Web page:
|Director: Sydney Pollack |
|Screenplay: Charles Randolph and Scott Frank and Steven Zaillian (story by Martin Stellman & Brian Ward)|
|Stars: Nicole Kidman (Silvia Broome), Sean Penn (Tobin Keller), Catherine Keener (Dot Woods), Jesper Christensen (Nils Lud), Yvan Attal (Philippe), Earl Cameron (Zuwanie), George Harris (Kuman-Kuman), Michael Wright (Marcus), Clyde Kusatsu (Police Chief Lee Wu), Eric Keenleyside (Rory Robb), Hugo Speer (Simon Broome)|
|MPAA Rating: PG-13|
|Year of Release: 2005|
|Current global anxieties -- terrorism, despotism, third-world genocide -- are writ large in Sydney Pollack’s The Interpreter, a sharply drawn thriller that has the distinction of being the first film ever shot inside the United Nations (not even Hitchcock could get permission when filming North by Northwest back in 1959). While the tension is good and the acting terrific, there is a bit too much speechifying in the film, and one wonders if all the idealistic, borderline naïve pandering to the philosophical foundation of the U.N. wasn’t inserted just to get permission to film there.|
Nicole Kidman stars as Silvia Broome, a white African working as a translator at the U.N. One night, she happens to overhear a late-night whispered conversation between two unseen men about a plot to kill President Zuwanie (Earl Cameron), the despotic ruler of Matobo, her fictional home country (which is obviously based on Zimbabwe). However, when she reports what she has heard to the police, she finds that she is the chief suspect, particularly under the investigative glare of Tobin Keller (Sean Penn), a Secret Service agent whose chief occupation is protecting U.N. dignitaries.
Silvia’s story seems just a little too far-fetched, starting with the idea that she just “happened” to be in the U.N. after hours when two men just “happened” to be discussing an assassination in a remote language she just “happened” to understand. Because we see her overhear the conversation, there is no doubt that it took place and she honestly believes its content, and one wonders how much more twisted the film would have been had it left this scene out, thus casting doubt over whether it took place at all. The film’s mystery revolves entirely around Silvia and what her motives are; every revelation but one involves her background.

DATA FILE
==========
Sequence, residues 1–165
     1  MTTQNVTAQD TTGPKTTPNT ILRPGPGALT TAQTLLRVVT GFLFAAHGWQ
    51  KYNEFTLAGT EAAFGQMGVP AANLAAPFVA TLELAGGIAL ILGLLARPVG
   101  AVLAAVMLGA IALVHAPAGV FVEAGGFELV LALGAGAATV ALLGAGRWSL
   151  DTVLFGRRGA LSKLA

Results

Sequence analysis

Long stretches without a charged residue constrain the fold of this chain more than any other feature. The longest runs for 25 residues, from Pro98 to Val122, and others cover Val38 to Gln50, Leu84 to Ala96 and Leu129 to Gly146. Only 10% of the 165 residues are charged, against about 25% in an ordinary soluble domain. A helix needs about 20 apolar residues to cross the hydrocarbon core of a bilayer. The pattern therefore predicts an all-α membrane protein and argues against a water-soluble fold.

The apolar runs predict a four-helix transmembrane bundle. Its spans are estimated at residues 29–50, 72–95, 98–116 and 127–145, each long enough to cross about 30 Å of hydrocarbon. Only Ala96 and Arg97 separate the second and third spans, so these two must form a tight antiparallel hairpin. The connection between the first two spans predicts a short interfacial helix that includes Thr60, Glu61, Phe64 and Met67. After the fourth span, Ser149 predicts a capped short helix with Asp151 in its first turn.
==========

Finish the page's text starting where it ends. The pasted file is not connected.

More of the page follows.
Pollack, whose other significant contribution to the political spy genre is 1975’s Three Days of the Condor, does us the service of avoiding that film’s major pitfall, which was the force-fitting of a hot romance into a tightly wound suspense plot where there wasn’t much room. Silvia and Keller are both intriguing characters, and it is obvious that they will forge some kind of connection during their days together leading up to Zuwanie’s arrival at the U.N. However, Pollack keeps their connection on an emotional level that doesn’t veer into romance just because the modern Hollywood double-plot structure demands it. Rather, he paints the characters as both deeply wounded and shows how they might find comfort with each other, however tentatively. Both Kidman and Penn turn in marvelous performances, giving The Interpreter an emotional backbone that is arguably more resilient than its double-crossing political conspiracy plot.
Yet, those global tensions are always there, creating a palpable sense of unease that frequently, though never entirely, undercuts the Hollywood gloss. A scorched opening scene in Matobo gives us an indelible portrait of a country gone to ruin, and a mid-movie sequence involving a host of major characters all finding themselves on the same bus leads to a moment of devastation that would have seemed blithely fictional in the days before 9/11. The Interpreter isn’t a political eye-opener by any means, particularly in the way it hews so closely to an idealized ideology of diplomacy in the face of global criminality, but it effectively merges important political issues with mass-market entertainment without canceling each other out.
Copyright ©2005 James Kendrick
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All images copyright ©2005 Universal Pictures